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Subject: Re: [boost] [TypeIndex] Peer review period for library acceptance begins, ending Thurs 21st Nov
From: Antony Polukhin (antoshkka_at_[hidden])
Date: 2013-11-22 02:05:13

2013/11/21 Jan Herrmann <jherrmann79_at_[hidden]>

> On 21.11.2013 16:57, Antony Polukhin wrote:
>> 2013/11/21 Jan Herrmann <jherrmann79_at_[hidden]>
>> Only from reading documentation I have a few questions:
>>> 1. In
>>> examples.html#boost_typeindex.examples.getting_through_the_inheritance_is
>>> written that polymorphic types can't be identified without RTTI. It
>>> should be possible for a library user to make his types compatible with
>>> Boost.TypeIndex to identify them. For example he can return
>>> boost::type_info from a virtual function inside each class:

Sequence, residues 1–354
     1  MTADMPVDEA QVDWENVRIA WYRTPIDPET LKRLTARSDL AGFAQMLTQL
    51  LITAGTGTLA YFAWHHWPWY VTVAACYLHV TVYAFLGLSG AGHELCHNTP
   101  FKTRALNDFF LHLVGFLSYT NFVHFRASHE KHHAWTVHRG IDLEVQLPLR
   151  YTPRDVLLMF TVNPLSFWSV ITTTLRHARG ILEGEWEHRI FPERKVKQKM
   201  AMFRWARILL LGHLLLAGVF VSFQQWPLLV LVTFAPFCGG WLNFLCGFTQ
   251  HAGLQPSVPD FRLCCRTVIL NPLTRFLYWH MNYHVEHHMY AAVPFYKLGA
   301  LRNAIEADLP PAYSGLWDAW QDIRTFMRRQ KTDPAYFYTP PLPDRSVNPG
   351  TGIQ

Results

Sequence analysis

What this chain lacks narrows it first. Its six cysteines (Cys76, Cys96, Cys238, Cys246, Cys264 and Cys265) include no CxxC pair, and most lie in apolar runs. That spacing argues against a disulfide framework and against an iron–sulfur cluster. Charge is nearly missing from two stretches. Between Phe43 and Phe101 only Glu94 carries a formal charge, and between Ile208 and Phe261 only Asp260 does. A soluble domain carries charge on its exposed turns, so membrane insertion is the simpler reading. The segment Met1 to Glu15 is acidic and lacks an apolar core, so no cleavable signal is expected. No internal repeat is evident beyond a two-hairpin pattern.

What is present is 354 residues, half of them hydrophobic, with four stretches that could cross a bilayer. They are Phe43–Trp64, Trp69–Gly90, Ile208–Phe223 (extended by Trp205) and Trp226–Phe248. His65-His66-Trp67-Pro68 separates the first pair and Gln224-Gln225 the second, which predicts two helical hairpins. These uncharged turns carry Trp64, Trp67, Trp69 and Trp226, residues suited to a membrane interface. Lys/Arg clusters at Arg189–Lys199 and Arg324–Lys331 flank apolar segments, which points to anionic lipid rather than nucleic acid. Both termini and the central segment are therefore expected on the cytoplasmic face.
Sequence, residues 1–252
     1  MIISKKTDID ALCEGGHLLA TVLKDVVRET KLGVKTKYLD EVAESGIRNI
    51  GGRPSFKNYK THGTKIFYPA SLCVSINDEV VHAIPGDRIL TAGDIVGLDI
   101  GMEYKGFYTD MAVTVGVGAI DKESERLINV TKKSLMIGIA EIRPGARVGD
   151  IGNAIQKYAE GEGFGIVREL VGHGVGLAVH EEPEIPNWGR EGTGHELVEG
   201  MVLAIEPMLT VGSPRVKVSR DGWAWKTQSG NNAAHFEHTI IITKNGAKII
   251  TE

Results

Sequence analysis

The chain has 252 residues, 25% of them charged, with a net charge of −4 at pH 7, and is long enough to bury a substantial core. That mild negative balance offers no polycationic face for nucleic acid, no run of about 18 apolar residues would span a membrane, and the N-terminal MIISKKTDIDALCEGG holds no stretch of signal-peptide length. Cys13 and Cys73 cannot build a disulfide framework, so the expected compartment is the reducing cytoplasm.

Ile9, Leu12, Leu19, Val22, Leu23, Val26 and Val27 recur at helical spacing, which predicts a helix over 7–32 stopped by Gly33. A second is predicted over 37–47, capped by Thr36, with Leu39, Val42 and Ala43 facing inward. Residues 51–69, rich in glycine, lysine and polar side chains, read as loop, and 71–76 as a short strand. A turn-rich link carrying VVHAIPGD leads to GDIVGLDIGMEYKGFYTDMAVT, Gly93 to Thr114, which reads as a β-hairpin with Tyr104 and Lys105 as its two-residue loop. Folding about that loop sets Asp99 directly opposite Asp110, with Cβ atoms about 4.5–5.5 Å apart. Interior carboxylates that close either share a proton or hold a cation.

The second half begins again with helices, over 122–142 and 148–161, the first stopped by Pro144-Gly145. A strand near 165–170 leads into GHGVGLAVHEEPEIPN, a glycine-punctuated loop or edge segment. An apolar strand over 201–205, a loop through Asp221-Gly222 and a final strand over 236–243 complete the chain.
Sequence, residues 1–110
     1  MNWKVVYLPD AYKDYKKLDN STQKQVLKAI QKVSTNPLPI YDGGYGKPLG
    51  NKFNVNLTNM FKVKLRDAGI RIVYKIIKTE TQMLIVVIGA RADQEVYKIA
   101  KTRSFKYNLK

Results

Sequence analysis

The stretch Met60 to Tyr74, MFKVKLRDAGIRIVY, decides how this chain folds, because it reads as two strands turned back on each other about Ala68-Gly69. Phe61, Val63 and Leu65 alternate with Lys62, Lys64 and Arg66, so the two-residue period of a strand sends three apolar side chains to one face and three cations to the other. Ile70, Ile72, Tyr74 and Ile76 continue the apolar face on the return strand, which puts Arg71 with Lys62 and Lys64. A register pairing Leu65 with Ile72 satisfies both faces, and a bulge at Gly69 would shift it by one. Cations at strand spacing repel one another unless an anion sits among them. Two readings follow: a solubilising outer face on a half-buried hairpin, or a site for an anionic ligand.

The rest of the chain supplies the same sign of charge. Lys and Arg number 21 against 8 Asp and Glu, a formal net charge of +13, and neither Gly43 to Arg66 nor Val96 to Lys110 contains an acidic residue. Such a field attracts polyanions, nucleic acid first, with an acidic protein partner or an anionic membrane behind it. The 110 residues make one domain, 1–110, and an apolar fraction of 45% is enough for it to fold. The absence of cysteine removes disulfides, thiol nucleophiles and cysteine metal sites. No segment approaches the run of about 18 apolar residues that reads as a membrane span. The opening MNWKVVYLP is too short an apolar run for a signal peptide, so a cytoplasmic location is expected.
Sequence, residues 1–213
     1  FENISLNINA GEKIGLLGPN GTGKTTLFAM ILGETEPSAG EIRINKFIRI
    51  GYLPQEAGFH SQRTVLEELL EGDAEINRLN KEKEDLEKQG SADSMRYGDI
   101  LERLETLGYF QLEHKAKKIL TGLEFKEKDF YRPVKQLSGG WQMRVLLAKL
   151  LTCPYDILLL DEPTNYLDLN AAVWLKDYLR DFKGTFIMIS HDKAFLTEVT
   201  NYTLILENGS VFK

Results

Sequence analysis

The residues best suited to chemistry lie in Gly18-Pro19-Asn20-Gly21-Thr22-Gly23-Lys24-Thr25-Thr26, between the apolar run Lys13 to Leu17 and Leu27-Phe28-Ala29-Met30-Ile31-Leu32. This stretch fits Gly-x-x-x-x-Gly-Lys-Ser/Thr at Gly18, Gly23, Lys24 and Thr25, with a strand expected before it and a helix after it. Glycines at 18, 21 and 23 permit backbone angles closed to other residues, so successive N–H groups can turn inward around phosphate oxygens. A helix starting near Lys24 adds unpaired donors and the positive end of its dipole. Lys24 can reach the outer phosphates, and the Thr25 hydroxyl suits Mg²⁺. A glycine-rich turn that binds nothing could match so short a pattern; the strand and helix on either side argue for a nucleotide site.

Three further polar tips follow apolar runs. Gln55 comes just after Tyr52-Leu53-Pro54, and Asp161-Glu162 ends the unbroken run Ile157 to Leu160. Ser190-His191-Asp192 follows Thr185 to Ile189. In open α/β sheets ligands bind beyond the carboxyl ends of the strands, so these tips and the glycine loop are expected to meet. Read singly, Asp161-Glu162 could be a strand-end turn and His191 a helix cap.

>>> struct A {
>>> virtual ~A(){}
>>> virtual boost::type_info const& get_boost_type_info() const {
>>> return boost::type_id<A>());
>>> }
>>> };
>>> struct B: public A {
>>> virtual boost::type_info const& get_boost_type_info() const {
>>> return boost::type_id<B>());
>>> }
>>> };
>>> struct C: public B {
>>> virtual boost::type_info const& get_boost_type_info() const {
>>> return boost::type_id<C>());
>>> }
>>> };
>>> Boost.TypeIndex should provide a way to use such methods inside
>>> boost::type_id_rtti_only. Is something like this planned?
>> This looks like a *very* good addition, thanks for the idea! This will be
>> implemented as soon as possible (before the next review).
> I think some macros can make it very easy to implement this for clients.

I'm also thinking of an ability for client to provide it's own names for a
type. For example
boost::variant<int, double, std::basic_string< /*a lot of text*/,
boost::detail::variant::void_ /* many times*/ > uses a lot of space in
binary even in mangled representation. Instead of that user may do
something like:

typedef boost::variant<.......> my_variant_t;

template <>
class ctti<my_variant_t> {
    static const char* name() {
        return "database_row_t";

Macro may also help in this case.

> 2. As far as I understand almost everything inside the library is build on